At the Death House Door is a documentary on the death penalty in Texas.
I felt a little dissatisfied by the structure of this film. It’s hard to describe, but I didn’t infer enough of an organization that justified why the material was in precisely the order it was in, why it didn’t last an hour less or an hour more, etc.
There were hints early on it was going to follow a mystery story format, like a CBS 48 Hours or one of those nonfiction shows that traces the story of a crime, investigation, etc. in chronological order. In this instance it was a case of a person convicted of murder who insisted on his innocence. Two reporters are shown investigating his claims, but then the film jumps around exploring not just that thread but others.
For a while I was wanting to focus on the thread about the investigation by the reporters, so I was a little impatient when it would go off in other directions, but really that thread didn’t turn out to be much of a sustained story. You find out very early the guy was (almost certainly) innocent, and also that he’s already been executed. So there’s no more suspense as to guilt or innocence, and there’s no more suspense as to whether the truth will be discovered in time to save him.
There were also elements of an argument against the death penalty, but really that wasn’t the organizational structure either. And it virtually never is in a documentary. Unlike something in print, documentaries just don’t have a format of premise, premise, premise, premise, conclusion. They are much more impressionistic. They include certain factual claims that could be part of an argument, but invariably their primary focus is on visually striking anecdotes that appeal to the emotions. This documentary was no exception.
So for me, I don’t know if I would say that it dragged, but maybe that it wasn’t structured in a way that I typically felt an urgency about seeing what was coming up next, because there wasn’t much of a “next.” As I say it seemingly could have ended an hour earlier or an hour later. It didn’t have the sense of building to a climax, or developing a story or argument. The emotionally most compelling moments were scattered throughout. So in that sense, the whole wasn’t more than the sum of the parts.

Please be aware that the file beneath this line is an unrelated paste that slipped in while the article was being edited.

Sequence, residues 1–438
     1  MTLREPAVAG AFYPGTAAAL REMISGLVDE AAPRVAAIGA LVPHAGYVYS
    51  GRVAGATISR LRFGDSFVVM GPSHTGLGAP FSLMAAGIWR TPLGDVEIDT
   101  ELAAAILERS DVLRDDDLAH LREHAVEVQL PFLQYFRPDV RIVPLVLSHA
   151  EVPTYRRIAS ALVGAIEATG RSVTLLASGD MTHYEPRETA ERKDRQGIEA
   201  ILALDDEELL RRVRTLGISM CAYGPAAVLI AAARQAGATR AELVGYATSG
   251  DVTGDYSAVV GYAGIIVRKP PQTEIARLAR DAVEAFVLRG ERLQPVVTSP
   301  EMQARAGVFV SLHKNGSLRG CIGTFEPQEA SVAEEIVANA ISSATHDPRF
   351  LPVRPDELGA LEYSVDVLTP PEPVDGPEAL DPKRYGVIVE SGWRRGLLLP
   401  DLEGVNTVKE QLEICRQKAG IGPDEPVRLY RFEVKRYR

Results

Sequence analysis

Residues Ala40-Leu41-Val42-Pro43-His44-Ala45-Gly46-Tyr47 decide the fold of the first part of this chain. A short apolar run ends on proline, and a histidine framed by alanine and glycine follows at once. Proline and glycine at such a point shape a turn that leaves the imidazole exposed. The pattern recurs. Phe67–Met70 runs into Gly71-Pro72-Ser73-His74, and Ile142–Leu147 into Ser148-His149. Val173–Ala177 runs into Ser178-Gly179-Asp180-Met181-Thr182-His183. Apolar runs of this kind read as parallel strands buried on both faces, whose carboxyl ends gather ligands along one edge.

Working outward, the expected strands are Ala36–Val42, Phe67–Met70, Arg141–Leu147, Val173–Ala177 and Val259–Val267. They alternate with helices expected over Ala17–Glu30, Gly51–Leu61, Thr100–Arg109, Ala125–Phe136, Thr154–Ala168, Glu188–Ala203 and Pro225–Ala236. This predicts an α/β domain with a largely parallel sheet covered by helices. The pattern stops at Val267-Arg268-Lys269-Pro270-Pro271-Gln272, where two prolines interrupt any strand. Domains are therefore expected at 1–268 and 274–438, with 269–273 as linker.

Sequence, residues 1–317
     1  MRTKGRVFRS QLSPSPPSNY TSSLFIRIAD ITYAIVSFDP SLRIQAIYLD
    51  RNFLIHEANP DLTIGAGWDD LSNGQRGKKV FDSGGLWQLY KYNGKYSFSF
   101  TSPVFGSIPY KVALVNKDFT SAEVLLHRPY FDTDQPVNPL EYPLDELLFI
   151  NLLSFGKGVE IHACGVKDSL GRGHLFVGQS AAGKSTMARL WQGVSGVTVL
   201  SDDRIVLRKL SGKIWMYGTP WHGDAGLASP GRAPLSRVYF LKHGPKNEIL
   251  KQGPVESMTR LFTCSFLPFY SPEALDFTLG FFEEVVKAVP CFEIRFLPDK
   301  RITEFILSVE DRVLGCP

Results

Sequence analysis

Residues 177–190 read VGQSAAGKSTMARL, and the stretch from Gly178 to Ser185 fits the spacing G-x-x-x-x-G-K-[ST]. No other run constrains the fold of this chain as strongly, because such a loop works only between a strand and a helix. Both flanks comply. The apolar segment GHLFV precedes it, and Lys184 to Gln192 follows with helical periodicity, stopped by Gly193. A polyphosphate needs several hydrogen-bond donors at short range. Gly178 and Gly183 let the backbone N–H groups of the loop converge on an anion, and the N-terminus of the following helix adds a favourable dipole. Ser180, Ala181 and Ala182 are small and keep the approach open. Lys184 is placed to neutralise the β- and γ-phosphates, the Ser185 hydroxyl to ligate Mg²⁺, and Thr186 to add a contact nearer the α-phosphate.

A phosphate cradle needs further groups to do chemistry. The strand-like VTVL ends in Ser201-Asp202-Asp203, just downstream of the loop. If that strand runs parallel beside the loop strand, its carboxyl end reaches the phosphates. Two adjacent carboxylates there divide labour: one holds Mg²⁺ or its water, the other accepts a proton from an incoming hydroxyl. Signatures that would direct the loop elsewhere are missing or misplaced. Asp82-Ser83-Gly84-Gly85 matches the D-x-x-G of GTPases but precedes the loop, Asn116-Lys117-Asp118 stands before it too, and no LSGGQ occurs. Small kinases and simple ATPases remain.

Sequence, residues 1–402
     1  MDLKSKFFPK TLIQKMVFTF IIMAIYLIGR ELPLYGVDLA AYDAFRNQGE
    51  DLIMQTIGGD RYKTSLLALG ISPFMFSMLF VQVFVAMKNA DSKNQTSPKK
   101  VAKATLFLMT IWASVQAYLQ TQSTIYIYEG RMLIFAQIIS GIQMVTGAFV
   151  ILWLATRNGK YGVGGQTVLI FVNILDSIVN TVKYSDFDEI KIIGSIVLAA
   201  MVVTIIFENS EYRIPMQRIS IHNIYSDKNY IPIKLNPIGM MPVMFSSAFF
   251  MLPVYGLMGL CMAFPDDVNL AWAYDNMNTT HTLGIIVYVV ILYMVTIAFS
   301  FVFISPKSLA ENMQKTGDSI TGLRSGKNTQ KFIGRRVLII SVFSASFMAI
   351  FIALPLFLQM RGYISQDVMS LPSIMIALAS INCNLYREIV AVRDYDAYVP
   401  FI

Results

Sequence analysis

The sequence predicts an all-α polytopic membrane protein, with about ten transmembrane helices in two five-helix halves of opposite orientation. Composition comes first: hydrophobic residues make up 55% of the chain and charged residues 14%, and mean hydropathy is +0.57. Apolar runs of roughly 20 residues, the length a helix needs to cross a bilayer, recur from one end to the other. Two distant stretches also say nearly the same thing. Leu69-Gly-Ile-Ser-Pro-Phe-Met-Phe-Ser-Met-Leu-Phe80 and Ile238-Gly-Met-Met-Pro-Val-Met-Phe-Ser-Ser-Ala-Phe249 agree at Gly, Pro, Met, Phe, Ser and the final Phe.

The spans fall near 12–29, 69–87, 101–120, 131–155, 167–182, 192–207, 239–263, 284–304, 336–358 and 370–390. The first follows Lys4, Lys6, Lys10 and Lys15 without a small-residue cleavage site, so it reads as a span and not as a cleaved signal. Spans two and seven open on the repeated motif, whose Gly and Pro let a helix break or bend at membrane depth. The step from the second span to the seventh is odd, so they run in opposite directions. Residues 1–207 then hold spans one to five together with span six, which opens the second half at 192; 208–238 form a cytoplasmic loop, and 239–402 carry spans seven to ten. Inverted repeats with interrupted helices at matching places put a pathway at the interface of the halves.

But I don’t want to make this too negative, because at least as important as that point is the fact that the parts themselves were usually good and sometimes very good. So if I look at the trees instead of the forest, really there was a lot to like about this documentary, a lot that worked on an emotional level, a lot that should be thought-provoking to a viewer.
The thread about the innocent man who is executed gets the second most screen time. The main thread (which ends up intersecting with the aforementioned one) is about a prison chaplain who accompanied condemned men to their death for over a decade. None of the material about him lost me completely; it ranged from OK to highly emotionally powerful.
Interestingly, as compelling as I often found it to listen to his stories, and to observe how his experiences impacted his life and gradually turned him against the death penalty, I was even a little more drawn in by the much briefer appearance of an officer who also was present for countless executions and finally just couldn’t accept it anymore and had to abandon his intended career in criminal justice. Watching him speak and try to not break down is truly gripping.
Also emotionally powerful are some of the details about some of the executions–times the lethal injection caused minutes of agony instead of being over in seconds, condemned men who were retarded and had no clue what was happening, and of course the people who went to their death innocent or probably innocent.
I was also struck by stray facts indicating random corruption and evil in the system. You wonder, for example, how the one innocent guy got convicted and sentenced to death when the evidence seems so clearly to point in another direction.
Well, for one thing, his defense was that a certain other person committed the murder, and the prosecution insisted no person by that name existed and the defendant had made this person up. Turns out they were flat out lying. They not only knew who the other person in question was, one of the prosecutors had interacted with him fairly recently in connection with another murder case. So there wasn’t just some honest mistake that was no one’s fault; specific individuals knowingly lied so as to bring about a false conviction and have someone executed.
In summary, At the Death House Door is a series of loosely connected scenes, stories, quotes, pictures, etc. concerning the death penalty from multiple perspectives (though it’s important to point out it contains only a small fraction of the possible perspectives), primarily fitted into an anti-death penalty theme. I may have organized it a little differently, edited it a little differently, but there are many individual elements to it that are quite powerful, and that I would say make this film worth seeing.